Obrazy na stronie

Foot it featly here and there;

And, sweet sprites, the burden bear.

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The strain of strutting chanticlere,

Cry, Cock-a-doodle-doo.

Fer. Where should this music be? i' the air, or the earth?

It sounds no more:-and sure, it waits upon
Some god of the island. Sitting on a bank,
Weeping again the king my father's wreck,
This musick crept by me upon the waters;
Allaying both their fury, and my passion,
With its sweet air; thence I have follow'd it,
Or it hath drawn me rather:-But 'tis gone,
No, it begins again.

Ariel sings.

Full fathom five thy father lies;
Of his bones ure coral made;
Those are pearls that were his eyes:
Nothing of him that doth fade,
But doth suffer a sea-change
Into something rich and strange.
Sea-nymphs hourly ring his knell :

Hark! now I hear them,-ding-dong, bell.

[Burden, ding-dong.

Fer. The ditty does remember my drown'd fa


This is no mortal business, nor no sound

That the earth owes*:-I hear it now above me. Pro. The fringed curtains of thine eye advance And say, what thou seest yond'.


What is 't? a spirit?

• Owns.

Lord, how it looks about! Believe me, sir,
It carries a brave form-But 'tis a spirit.

Pro. No, wench; it eats and sleeps, and hath

such senses

As we have, such: this gallant which thou seest
Was in the wreck; and but he's something stain'd
With grief, that's beauty's canker, thou might'st
call him

A goodly person: he hath lost his fellows,
And strays about to find them.


A thing divine; for nothing natural

I ever saw so noble.


I might call him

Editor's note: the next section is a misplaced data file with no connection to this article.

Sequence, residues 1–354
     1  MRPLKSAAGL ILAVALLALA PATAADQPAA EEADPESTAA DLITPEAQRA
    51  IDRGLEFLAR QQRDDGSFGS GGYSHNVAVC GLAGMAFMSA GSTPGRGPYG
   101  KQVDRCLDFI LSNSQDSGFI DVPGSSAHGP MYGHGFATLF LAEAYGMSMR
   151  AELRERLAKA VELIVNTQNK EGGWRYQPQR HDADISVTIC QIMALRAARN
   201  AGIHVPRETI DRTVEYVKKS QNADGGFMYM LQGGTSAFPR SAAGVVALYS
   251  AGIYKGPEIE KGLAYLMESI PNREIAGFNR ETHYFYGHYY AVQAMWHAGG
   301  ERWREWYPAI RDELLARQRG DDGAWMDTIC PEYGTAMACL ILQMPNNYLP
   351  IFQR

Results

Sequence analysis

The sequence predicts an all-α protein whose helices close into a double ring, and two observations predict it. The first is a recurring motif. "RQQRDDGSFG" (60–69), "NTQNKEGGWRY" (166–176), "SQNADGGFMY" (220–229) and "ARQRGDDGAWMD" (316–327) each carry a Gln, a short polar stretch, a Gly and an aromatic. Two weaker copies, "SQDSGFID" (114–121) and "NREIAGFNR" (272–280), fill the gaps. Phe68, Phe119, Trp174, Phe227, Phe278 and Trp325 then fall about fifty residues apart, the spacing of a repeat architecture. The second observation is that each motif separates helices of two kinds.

It goes on,

As my soul prompts it:-Spirit, fine spirit! I'll free


Within two days for this.


Most sure, the goddess On whom these airs attend?-Vouchsafe my prayer May know, if you remain upon this island; And that you will some good instruction give, How I may bear me here: my prime request, Which I do last pronounce, is, O you wouder! If you be maid, or no?


But, certainly a maid.


No wonder, sir;

My language? heavens!

I am the best of them that speak this speech,
Were I but where 'tis spoken.

How! the best?

Pro. What wert thou, if the king of Naples heard thee? Fer. A single thing, as I am now, that wonders To hear thee speak of Naples: he does hear me; And, that he does, I weep: myself am Naples; Who with mine eyes, ne'er siuce at ebb, beheld The king my father wreck'd.


Alack, for mercy!

Fer. Yes, faith, and all his lords; the duke of


And his brave son, being twain.

The duke of Milan,

Pro. And his more braver daughter, could control thee, If now 'twere fit to do 't.-At the first sight


They have chang'd eyes :-Delicate Ariel,
I'll set thee free for this!-A word, good sir;
I fear, you have done yourself some wrong: a word.
Mira. Why speaks my father so ungently? This
Is the third man that e'er I saw; the first

That e'er I sigh'd for: pity move my father
To be inclin'd my way!


O, if a virgin,

And your affection not gone forth, I'll make you
The queen of Naples.

Soft, sir; one word more.-
They are both in either's powers: but this swift bu-


I must uneasy make, lest too light winning [Aside.
Make the prize light.-One word more;